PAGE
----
Where to start with my love of Erutan’s work? She’s absolutely sensational, her skill and talent are on display in this beautiful music. Setting aside the amazing fact that she arranged and performed each part of it herself, the music and voice are enchanting. It’s a lullaby for a reason, but that doesn’t mean it’s not ripe with ideas to pluck like the strings of instrument or heart.

Jeff Beal- Next Line (from House of Cards)

Whether you listen to this song without having seen it in context of the show it’s from, or not, there’s no denying the intensity creeping through the music and voice. The way the music grows, the ethereal voice surging through the background, has followed me into my dreams and waking thoughts. There’s triumph as well as suspicion lacing through the notes that seems to put me in mind of capes whipping through the woods, leaving behind or surging towards something.

Zardnonic & Voicians- Bring Back the Glory 

I know, not a typical suggestion, but I have been a fan of this one ever since the first time I had the most vivid daydream to this song. Seriously, it was awesome in the true sense of the word. This song was the soundtrack to an epic battle beginning in free fall from the sky, swords clashing and wind twisted bodies about, dragons soaring in, flips, dives…it was a hell of a spell to find myself unexpectedly under. I wrote at least three different variations of a scene to this song, who knows how many more I’ll manage.

Hans Zimmer- Romani Holiday from Sherlock Holmes

It starts off soft and slow, but it doesn’t take long to pick up the pace and meet the notes that make your spine tingle…or mine anyway. Hans Zimmer is a fantastic composer and there are countless examples to prove it, and this is one. I love putting this on when looking for energy for a scene, perhaps a chase, switch, gambit, or a chaotic moment; my fingers can’t always keep pace.

Poitin- The Congress Wheel

Another song from the Sherlock Holmes, this one has a lot of energy and is sure to fuel your scene with its vivacity. It could easily inspire a jovial tavern scene, a suspenseful chase, a flirtatious allusion, etc. Even just listening to it a couple of times will inspire you to do something, so why not write a few paragraphs?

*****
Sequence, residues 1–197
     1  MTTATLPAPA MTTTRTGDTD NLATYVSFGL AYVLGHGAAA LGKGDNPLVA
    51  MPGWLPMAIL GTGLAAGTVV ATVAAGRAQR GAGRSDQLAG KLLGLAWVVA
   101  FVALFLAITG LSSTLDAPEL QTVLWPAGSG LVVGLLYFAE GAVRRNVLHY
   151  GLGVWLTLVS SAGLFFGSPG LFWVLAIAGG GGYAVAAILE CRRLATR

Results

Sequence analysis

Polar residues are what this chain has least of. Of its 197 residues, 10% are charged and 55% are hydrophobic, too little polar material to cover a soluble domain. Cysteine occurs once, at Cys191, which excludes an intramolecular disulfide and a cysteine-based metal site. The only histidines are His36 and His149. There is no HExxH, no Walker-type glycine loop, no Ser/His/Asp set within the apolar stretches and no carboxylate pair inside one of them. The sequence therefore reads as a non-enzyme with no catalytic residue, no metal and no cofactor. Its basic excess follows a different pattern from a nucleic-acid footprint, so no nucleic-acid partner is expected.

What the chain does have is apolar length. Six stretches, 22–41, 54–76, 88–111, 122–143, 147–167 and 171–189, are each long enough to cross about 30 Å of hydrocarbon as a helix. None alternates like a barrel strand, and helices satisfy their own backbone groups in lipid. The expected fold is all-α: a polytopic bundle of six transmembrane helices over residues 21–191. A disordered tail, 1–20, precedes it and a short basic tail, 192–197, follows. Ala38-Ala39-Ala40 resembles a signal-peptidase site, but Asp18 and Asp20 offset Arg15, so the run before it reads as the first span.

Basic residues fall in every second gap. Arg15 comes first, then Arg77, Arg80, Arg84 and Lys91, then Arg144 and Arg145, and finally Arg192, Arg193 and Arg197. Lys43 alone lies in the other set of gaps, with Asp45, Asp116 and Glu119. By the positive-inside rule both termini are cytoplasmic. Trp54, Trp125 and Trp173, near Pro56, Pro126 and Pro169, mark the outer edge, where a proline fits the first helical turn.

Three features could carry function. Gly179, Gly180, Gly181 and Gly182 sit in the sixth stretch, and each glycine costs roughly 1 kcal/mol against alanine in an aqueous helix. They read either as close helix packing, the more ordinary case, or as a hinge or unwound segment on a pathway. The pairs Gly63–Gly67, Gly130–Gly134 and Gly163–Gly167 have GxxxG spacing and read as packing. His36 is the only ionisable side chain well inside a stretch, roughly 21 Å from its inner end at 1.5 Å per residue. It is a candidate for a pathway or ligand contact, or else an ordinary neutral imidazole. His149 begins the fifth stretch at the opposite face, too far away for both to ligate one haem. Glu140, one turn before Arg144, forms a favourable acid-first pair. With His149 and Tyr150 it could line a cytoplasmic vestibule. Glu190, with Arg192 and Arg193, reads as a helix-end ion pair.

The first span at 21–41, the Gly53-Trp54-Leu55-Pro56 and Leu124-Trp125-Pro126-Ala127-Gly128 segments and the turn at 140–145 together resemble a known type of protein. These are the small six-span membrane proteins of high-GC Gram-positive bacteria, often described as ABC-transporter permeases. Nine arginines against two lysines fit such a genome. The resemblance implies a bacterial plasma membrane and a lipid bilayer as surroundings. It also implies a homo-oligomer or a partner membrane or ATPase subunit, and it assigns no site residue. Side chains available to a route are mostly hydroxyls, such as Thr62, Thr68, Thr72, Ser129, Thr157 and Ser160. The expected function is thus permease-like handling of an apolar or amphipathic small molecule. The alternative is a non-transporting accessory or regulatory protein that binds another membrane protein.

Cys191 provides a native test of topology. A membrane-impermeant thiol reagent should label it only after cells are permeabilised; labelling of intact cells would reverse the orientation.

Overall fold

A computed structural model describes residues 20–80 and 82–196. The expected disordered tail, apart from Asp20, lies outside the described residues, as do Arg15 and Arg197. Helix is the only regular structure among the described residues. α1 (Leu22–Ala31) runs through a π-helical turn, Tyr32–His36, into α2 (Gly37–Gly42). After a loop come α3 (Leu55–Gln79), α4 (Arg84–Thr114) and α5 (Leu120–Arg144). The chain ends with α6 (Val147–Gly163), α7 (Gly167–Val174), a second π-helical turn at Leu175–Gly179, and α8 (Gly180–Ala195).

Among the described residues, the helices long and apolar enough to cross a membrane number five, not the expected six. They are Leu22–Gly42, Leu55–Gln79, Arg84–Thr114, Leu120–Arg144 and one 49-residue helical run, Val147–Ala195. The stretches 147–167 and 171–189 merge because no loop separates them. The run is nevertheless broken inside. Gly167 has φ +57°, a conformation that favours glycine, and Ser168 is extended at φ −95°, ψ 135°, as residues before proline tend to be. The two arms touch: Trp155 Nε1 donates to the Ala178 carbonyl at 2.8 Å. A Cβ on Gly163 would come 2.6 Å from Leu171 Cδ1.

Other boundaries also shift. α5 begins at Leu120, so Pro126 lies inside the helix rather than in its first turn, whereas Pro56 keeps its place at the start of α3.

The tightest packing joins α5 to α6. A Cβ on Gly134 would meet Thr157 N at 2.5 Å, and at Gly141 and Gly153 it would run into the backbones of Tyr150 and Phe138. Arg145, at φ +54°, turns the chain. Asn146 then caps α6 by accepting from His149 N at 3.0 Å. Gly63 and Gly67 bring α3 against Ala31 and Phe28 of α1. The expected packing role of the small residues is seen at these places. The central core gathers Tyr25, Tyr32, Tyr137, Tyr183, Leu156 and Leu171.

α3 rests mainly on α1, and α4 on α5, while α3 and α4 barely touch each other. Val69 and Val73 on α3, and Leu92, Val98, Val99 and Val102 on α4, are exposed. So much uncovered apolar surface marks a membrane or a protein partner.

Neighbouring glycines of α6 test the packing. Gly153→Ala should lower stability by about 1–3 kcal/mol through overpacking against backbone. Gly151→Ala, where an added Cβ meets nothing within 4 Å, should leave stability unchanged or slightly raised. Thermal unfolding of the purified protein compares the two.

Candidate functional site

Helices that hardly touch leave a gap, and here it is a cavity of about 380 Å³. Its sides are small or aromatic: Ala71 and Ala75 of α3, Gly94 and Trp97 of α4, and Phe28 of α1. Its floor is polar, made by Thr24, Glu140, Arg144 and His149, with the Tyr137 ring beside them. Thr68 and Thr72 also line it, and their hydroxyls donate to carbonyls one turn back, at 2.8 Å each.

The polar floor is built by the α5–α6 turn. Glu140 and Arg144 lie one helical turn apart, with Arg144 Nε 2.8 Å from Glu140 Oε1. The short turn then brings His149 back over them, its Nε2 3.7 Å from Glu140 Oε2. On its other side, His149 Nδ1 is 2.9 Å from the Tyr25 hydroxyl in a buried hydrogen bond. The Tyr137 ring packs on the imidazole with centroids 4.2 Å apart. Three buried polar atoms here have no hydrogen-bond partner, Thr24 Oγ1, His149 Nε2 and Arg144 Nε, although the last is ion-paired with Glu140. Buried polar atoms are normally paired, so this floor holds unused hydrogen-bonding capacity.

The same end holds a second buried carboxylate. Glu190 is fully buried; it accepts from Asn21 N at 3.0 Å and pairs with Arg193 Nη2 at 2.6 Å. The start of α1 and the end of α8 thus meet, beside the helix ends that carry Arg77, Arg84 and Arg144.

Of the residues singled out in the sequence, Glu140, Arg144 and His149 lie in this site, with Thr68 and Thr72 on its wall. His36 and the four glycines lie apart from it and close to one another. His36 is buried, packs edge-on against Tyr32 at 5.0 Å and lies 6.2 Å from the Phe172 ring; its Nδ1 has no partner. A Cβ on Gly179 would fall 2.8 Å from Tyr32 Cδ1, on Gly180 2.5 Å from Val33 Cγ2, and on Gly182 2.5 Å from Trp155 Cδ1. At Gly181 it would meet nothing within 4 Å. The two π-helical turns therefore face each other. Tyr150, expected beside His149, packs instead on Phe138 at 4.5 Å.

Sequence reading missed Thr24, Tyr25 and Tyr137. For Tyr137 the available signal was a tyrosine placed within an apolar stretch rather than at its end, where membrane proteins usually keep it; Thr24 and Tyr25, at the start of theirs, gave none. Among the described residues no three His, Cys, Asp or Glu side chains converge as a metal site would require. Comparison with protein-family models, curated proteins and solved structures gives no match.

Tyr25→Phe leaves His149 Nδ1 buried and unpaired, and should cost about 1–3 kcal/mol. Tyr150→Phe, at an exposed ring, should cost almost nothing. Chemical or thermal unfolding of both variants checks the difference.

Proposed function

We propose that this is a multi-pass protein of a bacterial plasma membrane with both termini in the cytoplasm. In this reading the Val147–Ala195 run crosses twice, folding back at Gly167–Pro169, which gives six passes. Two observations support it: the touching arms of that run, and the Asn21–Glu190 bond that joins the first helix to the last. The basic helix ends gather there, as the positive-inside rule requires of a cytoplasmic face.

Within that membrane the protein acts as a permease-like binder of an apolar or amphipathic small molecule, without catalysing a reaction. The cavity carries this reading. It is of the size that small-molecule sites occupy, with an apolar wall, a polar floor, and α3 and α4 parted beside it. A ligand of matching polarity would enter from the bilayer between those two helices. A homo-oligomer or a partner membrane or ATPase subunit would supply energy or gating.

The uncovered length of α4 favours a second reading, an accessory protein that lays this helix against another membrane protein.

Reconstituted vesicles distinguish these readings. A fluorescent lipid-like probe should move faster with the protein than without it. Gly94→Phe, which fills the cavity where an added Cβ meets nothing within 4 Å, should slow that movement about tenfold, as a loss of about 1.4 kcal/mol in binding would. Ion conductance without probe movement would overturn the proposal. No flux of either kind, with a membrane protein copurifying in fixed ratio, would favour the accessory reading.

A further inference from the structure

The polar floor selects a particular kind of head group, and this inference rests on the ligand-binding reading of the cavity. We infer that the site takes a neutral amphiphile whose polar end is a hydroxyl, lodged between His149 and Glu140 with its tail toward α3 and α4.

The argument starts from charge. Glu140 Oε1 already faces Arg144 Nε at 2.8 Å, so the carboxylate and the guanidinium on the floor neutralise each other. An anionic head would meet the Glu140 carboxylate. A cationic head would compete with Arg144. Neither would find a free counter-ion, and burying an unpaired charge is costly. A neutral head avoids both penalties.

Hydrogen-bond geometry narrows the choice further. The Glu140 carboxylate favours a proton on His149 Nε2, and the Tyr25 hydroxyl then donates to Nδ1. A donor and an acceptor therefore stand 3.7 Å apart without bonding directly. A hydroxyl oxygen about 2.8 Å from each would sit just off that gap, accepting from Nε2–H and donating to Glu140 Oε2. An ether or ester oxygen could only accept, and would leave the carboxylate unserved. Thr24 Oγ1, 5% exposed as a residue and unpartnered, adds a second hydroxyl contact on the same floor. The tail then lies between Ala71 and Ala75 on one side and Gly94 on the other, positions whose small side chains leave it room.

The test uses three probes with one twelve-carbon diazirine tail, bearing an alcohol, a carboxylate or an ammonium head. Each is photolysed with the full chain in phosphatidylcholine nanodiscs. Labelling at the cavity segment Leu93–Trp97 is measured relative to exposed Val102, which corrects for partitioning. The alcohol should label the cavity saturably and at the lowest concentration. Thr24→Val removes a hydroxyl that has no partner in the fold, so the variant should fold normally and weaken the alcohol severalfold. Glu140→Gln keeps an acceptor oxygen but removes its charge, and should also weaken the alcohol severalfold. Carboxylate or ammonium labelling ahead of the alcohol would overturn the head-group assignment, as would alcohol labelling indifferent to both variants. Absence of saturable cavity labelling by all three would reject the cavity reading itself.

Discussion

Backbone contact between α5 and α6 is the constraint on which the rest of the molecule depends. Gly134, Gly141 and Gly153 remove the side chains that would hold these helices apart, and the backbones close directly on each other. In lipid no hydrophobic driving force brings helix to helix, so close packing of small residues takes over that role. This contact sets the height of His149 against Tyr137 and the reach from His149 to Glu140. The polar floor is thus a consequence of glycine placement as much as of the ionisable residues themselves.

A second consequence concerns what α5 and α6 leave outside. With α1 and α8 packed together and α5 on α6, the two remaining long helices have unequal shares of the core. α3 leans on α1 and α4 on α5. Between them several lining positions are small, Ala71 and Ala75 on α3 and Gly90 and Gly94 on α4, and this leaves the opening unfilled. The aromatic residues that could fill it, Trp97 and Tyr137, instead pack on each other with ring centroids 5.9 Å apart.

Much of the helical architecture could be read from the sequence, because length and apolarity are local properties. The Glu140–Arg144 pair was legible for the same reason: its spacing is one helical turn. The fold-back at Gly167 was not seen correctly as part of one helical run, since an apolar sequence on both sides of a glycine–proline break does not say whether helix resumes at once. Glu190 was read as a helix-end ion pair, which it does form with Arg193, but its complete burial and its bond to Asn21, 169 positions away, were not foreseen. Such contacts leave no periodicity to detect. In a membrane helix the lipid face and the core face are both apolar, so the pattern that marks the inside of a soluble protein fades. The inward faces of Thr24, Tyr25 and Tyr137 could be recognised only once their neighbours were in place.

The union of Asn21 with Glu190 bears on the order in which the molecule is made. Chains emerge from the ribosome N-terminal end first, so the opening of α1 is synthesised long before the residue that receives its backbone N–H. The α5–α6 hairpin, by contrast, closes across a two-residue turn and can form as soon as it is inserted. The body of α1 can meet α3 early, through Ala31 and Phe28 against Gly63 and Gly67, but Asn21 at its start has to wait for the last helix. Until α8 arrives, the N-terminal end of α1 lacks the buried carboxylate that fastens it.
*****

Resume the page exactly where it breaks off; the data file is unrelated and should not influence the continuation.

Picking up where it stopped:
Misty Mountains Cold- The Hobbit

You don’t have to have read or seen The Hobbit to appreciate the inspiration that can be found in this song. I enjoy the landscapes and culture that come to mind as I listen to the sweet, rumbling voices in this song, even if I ignore the actual lyrics. When writing adventure, a harrowing journey, foreshadowing of trials, yearning, this is a good song to look to for inspiration, in my opinion.

Clocks and Clouds –Darkness Gives Way

I found Clocks and Clouds through Twitter, after they crossed my path by chance. As those who’ve been around a while can attest, I’m an adorer of strings, and this song plucks my heart just right. The shifting of the tempo and music lends itself to a changing scene, infusing you with all of its energy before you let fly on paper or screen.

For whom the bell tolls – Steve Baker & Carmen Daye

Donnie Darko fans may recognize this song, and it’s certainly one you should listen to if you’re looking for something to set the scene and inspire something dark, plaintive, haunting, sorrowful. It makes me think of a gallows on a frozen day, tears becoming icicles on frostbitten cheeks, perhaps a weary procession through a desolate wood. I don’t know many writers that could say they enjoy writing the type of scene invoked by this song, but listening to it could help channel that emotion into your words and your scene.

Vlada Mars- The Storm

When it comes to purely instrumental music, it’s more likely to be more solo strings than piano, just happens to be a personal preference. However, thanks to a suggestion from the witty and wonderful B.E. Van de Viere on Twitter, I gave a listen to some Vlada Mars and found The Storm. This music puts me in mind of grand old houses with something hidden inside, mysteries waiting to be unwrapped like presents, tumultuous situations ready to spiral into chaos.

Between Music- Breaking the Surface

Between Music is a band that plays and performs their music under water…yes, you read that right, under water, and some of the most hauntingly beautiful music you will hear. Putting aside the amazing ingenuity of creating instruments and apparatus to make this possible, I think it’s hard to disagree with the fact that this is some of the best music to inspire water related fantastical beings; mermaids, sirens, nymphs, water gods and goddesses, whatever story you find in the watery depths of the oceans. It’s definitely not for everyone, but something about this holds an ethereal beauty for me.